From Hanukkah gelt to peppermint bark to reindeer cookies; you can’t toss a Santa hat three feet without it landing in a mountain of sweet, sugary treats this time of year.
The holidays also bring out two characters extremely challenging to dieters attempting to stay the course through the most difficult time of year. So, in the interest of peaceful family get-togethers and company parties, I provide advice on how to deal with the ever-present “Food Police” and “Food Pushers.”
One can tell when the former is within earshot because you’ll hear: “Is that on your diet?” or “Should you be eating that?” Unfortunately, no matter how carefully worded and lovingly delivered, it always comes across as (delivered in the tone of a schoolyard taunt), “Neener-neener-neener! I caught you cheating!”
First tip: Override the initial reaction to share what you are eating rather forcefully by shoving it in his face.
The sad truth is that will not make the situation better; worse yet, your next meal might be served through bars.
On the other extreme is the “Food Pusher,” who sings a different carol, attempting to stuff you with all manner of delights. One recognizes her by the guilt-inducing expressions, “I made it just for you” or “One bite won’t hurt.”
Although these personality types appear opposites —one at-tempts to keep you from what you want and the other is forcing on you what you don’t — they are actually related. Each person’s is really trying to help you be happier. The “cop” does this by attempting to keep you on the straight and narrow, while the other provides “permission” to relax and cut loose.
Once we understand that motivation, we can handle them — without violence — by utilizing the “3 Rs.”
Step 1: Recognize the intent of the person, not the action.
There is an old proverb, “The road to hell is paved with good intentions.” Assuming the person offering the unwanted solicitation is someone with whom you can usually get along, job one is to slow down your reaction long enough to understand that he or she just wants to make sure you’re successful on your diet (from the view of the “cop”), or that you’re having a good time (from the view of the “pusher.”)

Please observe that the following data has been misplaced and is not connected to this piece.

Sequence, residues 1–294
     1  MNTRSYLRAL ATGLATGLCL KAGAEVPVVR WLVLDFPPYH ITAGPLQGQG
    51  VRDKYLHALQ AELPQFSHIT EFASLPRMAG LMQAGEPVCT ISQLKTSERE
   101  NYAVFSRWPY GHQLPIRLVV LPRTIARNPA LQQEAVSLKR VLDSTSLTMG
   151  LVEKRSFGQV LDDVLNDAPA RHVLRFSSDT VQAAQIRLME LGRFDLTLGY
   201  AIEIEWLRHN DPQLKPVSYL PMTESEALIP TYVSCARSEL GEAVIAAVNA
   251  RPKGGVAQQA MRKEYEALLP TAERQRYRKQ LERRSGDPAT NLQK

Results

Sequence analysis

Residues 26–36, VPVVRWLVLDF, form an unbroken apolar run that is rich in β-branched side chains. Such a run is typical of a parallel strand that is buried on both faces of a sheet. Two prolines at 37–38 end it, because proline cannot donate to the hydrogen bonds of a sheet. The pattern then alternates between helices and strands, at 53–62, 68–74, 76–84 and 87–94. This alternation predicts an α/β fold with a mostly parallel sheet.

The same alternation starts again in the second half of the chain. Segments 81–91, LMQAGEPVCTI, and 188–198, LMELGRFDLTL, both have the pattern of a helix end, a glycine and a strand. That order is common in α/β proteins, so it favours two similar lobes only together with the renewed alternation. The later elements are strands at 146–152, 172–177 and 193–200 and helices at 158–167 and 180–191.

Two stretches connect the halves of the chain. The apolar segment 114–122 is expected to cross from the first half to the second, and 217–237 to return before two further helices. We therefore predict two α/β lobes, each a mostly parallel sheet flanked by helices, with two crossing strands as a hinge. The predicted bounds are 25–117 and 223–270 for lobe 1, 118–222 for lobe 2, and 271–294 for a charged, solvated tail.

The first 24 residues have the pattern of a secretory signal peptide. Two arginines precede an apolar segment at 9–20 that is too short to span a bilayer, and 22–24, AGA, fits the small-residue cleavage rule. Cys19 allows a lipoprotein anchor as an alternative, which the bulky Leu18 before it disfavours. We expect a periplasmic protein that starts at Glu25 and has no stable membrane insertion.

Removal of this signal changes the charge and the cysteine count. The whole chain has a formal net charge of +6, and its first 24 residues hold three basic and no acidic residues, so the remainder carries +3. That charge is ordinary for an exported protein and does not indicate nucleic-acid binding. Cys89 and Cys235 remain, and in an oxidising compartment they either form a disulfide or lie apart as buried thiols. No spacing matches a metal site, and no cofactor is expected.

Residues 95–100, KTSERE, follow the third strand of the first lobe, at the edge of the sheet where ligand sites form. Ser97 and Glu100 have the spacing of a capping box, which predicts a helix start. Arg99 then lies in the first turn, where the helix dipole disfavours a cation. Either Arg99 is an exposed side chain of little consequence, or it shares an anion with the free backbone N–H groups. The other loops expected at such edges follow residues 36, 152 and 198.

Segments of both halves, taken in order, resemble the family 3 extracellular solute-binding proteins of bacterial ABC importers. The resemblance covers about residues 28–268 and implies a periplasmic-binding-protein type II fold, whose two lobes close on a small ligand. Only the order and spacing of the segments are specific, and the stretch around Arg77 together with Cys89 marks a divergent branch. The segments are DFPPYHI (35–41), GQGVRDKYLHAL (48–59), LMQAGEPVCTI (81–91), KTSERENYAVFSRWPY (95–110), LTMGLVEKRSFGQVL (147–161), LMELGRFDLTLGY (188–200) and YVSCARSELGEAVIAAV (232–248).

If we focus on those intentions, rather than the words or actions, we’re half way there. Therefore we could now respond with something such as, “Thank you for the suggestion” (to the “Cop”), or “That’s very nice of you to make this for me” (to the “pusher”). This alerts them that you appreciate their helpfulness.
Step 2: Reflect how you feel.
Next, we must — gently — school them so they comprehend how you feel about what the action so they don’t do it again. For example: (cop) “However, when you watch over me, I get defensive,” or (pusher) “I’m proud of my weight loss. When you offer me those cookies, I’m afraid I’ll go off track and I don’t want that to happen.” We don’t blame; we just state our feelings.
Step 3: Redirect the behavior.
Finally, since they are trying to help, let’s give them a constructive assignment. We do this by redirecting them; satisfying their good intentions. Again, an illustration might be, (cop) “What would really help me is if you’d go for a walk with me later.” To the “pusher” we might explain, “If you could cut up some fruit for me next time, that would be a treat I’d like.”
To stay successful this holiday season, without being a hermit, utilize the “Three Rs:” Recognize. Reflect. Redirect. It won’t always work. But when it does, it’s worth the minor effort it takes. Plus, it reduces family and workplace drama, and that’s a great gift all to its own.